The EU wants to help six countries with ambitions of joining the bloc. The funds should boost their economies and infrastructure. But Brussels also expects reforms in return.
The European Union unveiled on Tuesday plans to invest up to €9 billion ($10.6 billion) in countries in the Balkans to boost economies and develop infrastructure.
Albania, Bosnia-Herzegovina, Kosovo, Montenegro, North Macedonia and Serbia are set to benefit from the investment between 2021 to 2027, announced the EU's executive arm, the European Commission.
All six countries, which have faced economic struggles and wars since the collapse of communism in the region, have ambitions to join the EU.
The funds that comprise the so-called Economic and Investment Plan for the Western Balkans will help bring their economies up to speed with the EU single market, according to the Commission.
"The citizens of the Western Balkans are part of Europe and we have a shared interest in helping these six partners move forward on their EU path," said Vice-President of the European Commission, Josep Borrell, commenting on the plan in a statement.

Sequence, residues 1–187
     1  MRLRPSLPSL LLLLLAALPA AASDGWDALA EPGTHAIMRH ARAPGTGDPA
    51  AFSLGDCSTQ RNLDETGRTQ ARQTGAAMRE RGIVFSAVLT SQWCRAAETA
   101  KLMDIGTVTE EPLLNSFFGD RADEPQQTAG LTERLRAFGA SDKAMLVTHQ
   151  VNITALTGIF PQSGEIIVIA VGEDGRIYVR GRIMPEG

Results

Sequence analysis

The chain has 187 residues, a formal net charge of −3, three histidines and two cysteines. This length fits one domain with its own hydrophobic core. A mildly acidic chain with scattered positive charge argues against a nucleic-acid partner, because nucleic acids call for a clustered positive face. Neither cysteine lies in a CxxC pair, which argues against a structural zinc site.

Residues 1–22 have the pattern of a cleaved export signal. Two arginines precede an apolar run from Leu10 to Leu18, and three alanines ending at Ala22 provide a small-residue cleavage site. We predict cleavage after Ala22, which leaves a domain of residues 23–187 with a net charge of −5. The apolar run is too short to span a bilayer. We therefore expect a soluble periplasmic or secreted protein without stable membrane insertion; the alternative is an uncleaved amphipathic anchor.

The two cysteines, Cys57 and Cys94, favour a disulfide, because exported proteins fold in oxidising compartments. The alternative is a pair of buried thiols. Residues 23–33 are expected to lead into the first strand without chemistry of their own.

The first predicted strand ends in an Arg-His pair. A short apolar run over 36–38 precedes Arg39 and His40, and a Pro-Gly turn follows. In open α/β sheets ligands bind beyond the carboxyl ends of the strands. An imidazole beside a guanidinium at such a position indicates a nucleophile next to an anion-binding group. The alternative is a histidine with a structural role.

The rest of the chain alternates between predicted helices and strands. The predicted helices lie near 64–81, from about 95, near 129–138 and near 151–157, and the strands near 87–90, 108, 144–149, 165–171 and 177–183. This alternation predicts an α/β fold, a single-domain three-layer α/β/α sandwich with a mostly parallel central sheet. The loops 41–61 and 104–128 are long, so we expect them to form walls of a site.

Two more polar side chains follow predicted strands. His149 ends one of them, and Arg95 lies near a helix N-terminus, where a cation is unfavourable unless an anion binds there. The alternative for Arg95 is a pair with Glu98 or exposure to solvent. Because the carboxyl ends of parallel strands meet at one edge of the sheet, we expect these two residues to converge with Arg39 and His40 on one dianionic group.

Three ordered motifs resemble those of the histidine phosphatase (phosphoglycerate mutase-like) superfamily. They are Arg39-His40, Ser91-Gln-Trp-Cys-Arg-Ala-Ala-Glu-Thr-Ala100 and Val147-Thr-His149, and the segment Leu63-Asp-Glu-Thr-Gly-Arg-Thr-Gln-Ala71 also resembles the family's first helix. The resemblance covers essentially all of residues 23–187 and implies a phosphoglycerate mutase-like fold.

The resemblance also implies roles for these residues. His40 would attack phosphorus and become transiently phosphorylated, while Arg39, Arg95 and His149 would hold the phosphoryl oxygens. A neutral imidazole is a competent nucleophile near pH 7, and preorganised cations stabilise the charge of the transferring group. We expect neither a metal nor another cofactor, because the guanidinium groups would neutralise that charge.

The plan is intended to support regional reforms that Brussels also outlined on Tuesday.
The plan will see money funneled into 10 main areas. These include: road and rail networks, renewable energy, cutting greenhouse gas emissions, improving waste and water management, the renovation of public buildings and the roll-out of broadband.
The initiative also includes a youth guarantee to create job opportunities for young people in the region.
The EU hopes the cash will make the region attractive to outside investors.
Brussels on Tuesday also outlined reform priorities for countries aiming to join the EU. The reforms focus on areas such as tackling corruption and judiciary overhauls. "Without the reforms it's impossible to create the right business environment'' for investors, said EU Enlargement Commissioner Oliver Varhelyi.
"It means they need a proper functioning rule of law system, independent judiciary, a reliable tax system that will make it interesting for [companies] to come and invest in the region," he told reporters.